City Club and State of the City 

Legislators rehash session, Bieter talks incubation

Legislative reunions

On June 8, City Club of Boise hosted four legislators for a recap of the 2009 session. The title of the session was From Intertia to Impasse, and the presentations by two Democrats and two Republicans were littered with plenty of unflattering descriptors: stymie, gridlock, divisiveness, floundering. And Quagga mussels.

Boise Democratic Sen. Kate Kelly pointed out that while there were three bills to protect the state from Quagga mussels, an invasive waterborne species that has not yet appeared in Idaho, the Legislature rejected a bill to regulate septic system leaching into ground water.

Rep. Bill Killen, also a Boise Democrat who said he had tried to repress the session and announced he would not be running for higher office, focused on local option taxing for public transit, garnering the only applause line of the show.

But the Republicans at the table pointed out that the floundering and gridlock were actually a good thing.

"My constituents are excited that we didn't pass a lot of laws," Eagle Rep. Raul Labrador said. And asked why he wouldn't support raising income taxes on the wealthy to shore up the state budget, Caldwell Sen. John McGee had a simple response: "That's why I'm a Republican, I guess."


underwrote the forum, and sat at the head tables.

Boise seeks incubator biz

In his June 3 State of the City speech, Boise Mayor Dave Bieter mentioned that the city was "an investor" in the Water Cooler, BoDo developer Mark Rivers' business incubator for "creative economy" startups.

The city is not exactly an investor, in the venture capital sense one would expect for a creative economy incubator. Boise put about $50,000 into sidewalk and "streetscape" improvements for the old Boise Heating and Cooling Building, where the Water Cooler is located.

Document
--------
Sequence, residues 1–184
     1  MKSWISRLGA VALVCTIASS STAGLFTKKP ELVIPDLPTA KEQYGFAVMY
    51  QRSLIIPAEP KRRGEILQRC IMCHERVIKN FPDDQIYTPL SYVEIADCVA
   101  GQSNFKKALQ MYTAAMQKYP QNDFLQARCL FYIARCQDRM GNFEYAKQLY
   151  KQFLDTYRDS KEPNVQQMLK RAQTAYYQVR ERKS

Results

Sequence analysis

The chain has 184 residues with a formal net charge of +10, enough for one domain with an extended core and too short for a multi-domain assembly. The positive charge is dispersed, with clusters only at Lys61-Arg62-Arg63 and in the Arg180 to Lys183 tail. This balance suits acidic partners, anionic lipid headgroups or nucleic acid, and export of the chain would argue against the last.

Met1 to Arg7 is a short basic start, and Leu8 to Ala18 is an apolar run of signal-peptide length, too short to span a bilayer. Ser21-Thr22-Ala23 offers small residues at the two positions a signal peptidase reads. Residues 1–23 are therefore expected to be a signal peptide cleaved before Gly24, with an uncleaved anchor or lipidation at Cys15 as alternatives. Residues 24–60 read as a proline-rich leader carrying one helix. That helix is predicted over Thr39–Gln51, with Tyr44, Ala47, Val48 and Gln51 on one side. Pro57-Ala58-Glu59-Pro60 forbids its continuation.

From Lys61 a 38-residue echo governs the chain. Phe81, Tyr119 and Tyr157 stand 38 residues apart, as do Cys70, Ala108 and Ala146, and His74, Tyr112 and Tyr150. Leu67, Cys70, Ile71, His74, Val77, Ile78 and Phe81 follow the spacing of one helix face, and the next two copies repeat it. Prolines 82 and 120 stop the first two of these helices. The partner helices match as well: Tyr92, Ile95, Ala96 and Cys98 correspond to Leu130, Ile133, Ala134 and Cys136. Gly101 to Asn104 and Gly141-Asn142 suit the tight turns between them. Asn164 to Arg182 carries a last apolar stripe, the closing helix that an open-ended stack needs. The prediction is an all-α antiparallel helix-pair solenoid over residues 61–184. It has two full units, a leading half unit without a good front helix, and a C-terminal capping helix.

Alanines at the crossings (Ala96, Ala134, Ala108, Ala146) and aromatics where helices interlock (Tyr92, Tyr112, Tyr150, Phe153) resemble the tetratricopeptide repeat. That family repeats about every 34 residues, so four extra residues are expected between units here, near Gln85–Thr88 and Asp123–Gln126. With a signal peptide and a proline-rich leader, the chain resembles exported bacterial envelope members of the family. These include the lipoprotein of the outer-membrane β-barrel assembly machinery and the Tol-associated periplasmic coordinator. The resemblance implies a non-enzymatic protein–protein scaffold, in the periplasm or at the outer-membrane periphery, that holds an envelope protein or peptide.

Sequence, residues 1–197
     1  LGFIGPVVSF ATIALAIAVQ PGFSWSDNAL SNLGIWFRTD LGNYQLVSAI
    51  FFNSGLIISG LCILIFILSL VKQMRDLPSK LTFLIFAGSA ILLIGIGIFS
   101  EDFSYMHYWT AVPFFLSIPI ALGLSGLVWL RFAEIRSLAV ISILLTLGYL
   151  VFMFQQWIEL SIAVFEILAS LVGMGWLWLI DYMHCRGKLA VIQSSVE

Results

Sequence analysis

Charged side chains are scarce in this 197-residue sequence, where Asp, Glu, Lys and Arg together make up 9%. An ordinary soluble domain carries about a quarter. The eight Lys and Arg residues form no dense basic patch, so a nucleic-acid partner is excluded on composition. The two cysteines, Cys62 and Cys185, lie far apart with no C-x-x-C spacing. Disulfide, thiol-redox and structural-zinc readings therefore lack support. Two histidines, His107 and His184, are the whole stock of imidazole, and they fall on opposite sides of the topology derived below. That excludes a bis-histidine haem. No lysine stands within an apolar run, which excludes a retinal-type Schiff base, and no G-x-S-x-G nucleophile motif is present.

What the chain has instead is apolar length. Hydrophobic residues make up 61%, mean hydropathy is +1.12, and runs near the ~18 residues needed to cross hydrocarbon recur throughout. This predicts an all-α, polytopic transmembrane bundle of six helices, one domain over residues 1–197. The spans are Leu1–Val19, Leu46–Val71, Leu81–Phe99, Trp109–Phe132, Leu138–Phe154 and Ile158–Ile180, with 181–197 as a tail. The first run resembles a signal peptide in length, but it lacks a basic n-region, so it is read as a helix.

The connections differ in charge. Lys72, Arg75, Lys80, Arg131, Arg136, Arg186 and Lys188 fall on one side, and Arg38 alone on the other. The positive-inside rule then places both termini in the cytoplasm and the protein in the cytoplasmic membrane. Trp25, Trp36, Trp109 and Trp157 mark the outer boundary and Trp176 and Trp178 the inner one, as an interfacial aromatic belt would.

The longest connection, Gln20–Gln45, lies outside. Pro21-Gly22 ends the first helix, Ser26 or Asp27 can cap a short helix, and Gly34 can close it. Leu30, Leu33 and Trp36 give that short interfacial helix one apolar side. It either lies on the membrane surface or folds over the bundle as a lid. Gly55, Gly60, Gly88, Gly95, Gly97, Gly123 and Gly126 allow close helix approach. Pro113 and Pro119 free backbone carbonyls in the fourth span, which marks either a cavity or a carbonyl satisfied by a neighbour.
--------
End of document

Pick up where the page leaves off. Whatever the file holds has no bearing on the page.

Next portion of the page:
Bieter announced in his speech that the city is pursuing its own business incubator--one focused on the green economy--in a city-owned building on Fifth and Idaho streets. It will be called the Green House.

But here's where it gets interesting. The city, through its redevelopment agency, is already involved in the business of business development. Capital City Development Corp. owns the building where the Water Cooler is housed. According to CCDC ED Phil Kushlan, Rivers pays about $25,000 a year in rent to the redevelopment agency, a below-market rate.

Kushlan said that when the Water Cooler moved in, the building was in need of repairs and that CCDC supports the goal of creating a creative-class center in western downtown Boise. Hence, the subsidized rent. The lot, incidentally, had been slated for more downtown housing prior to the incubator going in.

CCDC has also secured about $200,000 in federal 2009 earmarks for business development, some of which will likely go to the Water Cooler or affiliated startups.

As for the Green House, Boise's Division of Water Quality has been resident in the old building but will be moving over to City Hall. Bieter spokesman Adam Park said they'd like to green up the building for the green venture. The idea will likely go through City Council and may eventually involve a nonprofit group or other partner to run it.

--Nathaniel Hoffman

war in Iraq

U.S. CASUALTIES: As of Monday, June 8, 2009, 4,317 U.S. service members (including 31 Idahoans) have died since the war in Iraq began in March 2003: 3,456 in combat and 861 from non-combat-related incidents and accidents. Injured service members total 31,327. In the last week, seven U.S. soldiers died.

Since President Barack Obama was inaugurated on Jan. 20, 88 soldiers have died.

Source: U.S. Dept. of Defense

IRAQI CIVILIAN DEATHS: Estimated between 92,311 and 100,786.


COST OF IRAQ WAR: $676,590,286,236


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